Sources: Sources say that sources say stuff

Sources

I grabbed the following screen caption from the top headlines of ESPN.com a few days back. The use of “Source” or “Report” was present in five of the six headlines. The stories to which these heads linked used similar attributions, such as “sources said” or “according to sources.”

The whole point of sources and attributing information to those sources is to help your readers understand who is telling the reporters this information. This allows the reporter to showcase the value of the source in the story and allows the readers to determine how much credence they want to lend to this source. When all you get is “according to a source…,” you lose both aspects of that. Consider this quote:

“ObamaCare is imploding. It is a disaster and 2017 will be the worst year yet, by far.”

If you don’t have an attribution on this, or if you have “a political source said,” you have no way of knowing how big of a deal this is. An attribution makes all the difference. If this were attributed to House Speaker Paul Ryan, a Republican who has often attacked the plan, people can think about this one way. However, if it turned out that these words were spoken last week by Joe Biden, Obama’s vice president and a Democrat, this quote takes on an entirely different meaning. (It’s actually a tweet from Donald Trump during the 2016 presidential campaign.)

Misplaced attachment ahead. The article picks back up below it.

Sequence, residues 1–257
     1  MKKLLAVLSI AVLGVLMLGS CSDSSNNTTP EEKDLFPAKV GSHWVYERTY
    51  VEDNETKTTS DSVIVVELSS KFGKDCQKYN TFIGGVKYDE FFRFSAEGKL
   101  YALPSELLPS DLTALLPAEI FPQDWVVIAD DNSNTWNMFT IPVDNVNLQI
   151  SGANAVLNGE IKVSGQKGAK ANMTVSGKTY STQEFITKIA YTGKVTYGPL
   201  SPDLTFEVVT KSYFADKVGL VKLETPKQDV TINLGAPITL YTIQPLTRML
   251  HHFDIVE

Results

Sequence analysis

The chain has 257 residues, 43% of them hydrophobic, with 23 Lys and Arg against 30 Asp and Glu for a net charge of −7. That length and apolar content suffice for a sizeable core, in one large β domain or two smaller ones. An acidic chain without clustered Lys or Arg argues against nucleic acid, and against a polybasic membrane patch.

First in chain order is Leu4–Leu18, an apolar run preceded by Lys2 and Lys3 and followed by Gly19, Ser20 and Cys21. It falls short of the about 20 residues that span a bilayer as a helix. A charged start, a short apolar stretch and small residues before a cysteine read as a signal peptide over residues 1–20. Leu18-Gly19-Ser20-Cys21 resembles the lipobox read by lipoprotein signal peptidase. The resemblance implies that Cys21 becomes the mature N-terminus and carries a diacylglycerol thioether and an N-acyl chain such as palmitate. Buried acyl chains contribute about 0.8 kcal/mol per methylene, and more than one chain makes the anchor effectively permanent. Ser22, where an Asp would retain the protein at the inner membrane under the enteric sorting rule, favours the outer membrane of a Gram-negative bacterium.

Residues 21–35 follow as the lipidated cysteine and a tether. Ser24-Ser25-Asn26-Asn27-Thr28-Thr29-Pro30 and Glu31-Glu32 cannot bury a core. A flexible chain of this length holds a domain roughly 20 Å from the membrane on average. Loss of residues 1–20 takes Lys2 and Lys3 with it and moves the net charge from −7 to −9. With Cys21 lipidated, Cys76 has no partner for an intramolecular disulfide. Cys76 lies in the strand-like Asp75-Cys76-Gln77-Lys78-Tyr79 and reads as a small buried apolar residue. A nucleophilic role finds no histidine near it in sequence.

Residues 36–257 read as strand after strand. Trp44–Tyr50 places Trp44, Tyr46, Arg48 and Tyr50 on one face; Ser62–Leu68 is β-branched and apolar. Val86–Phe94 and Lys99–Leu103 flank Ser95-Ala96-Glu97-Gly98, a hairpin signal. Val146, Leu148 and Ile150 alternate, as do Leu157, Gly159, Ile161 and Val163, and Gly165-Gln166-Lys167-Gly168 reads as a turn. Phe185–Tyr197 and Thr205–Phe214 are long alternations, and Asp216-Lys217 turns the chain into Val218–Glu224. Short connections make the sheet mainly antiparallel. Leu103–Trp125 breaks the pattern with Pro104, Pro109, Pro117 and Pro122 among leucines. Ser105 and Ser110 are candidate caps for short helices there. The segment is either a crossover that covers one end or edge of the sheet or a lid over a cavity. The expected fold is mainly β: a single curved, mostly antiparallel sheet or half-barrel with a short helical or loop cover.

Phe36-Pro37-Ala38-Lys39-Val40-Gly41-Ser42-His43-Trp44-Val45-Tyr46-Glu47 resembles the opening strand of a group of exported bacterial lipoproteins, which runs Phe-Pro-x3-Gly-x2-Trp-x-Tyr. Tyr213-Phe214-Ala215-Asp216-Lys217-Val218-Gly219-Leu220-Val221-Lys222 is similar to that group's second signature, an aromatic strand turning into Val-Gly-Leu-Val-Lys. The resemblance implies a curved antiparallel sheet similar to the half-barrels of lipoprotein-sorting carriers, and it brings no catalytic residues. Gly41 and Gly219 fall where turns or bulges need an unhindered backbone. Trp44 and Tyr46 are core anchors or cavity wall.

In the case of sports journalism, reporters often have to trade in anonymity to get sources to provide them with inside information. However, the degree to which readers can trust the statements those sources make is limited by this Faustian bargain. It is also unclear from a reader’s perspective if the reporter made strides to get the information from a named source or if going unnamed was the easiest option.

Consider how much value information has and how it might be compromised without a named source before you allow “sources” to “say” things in your work.

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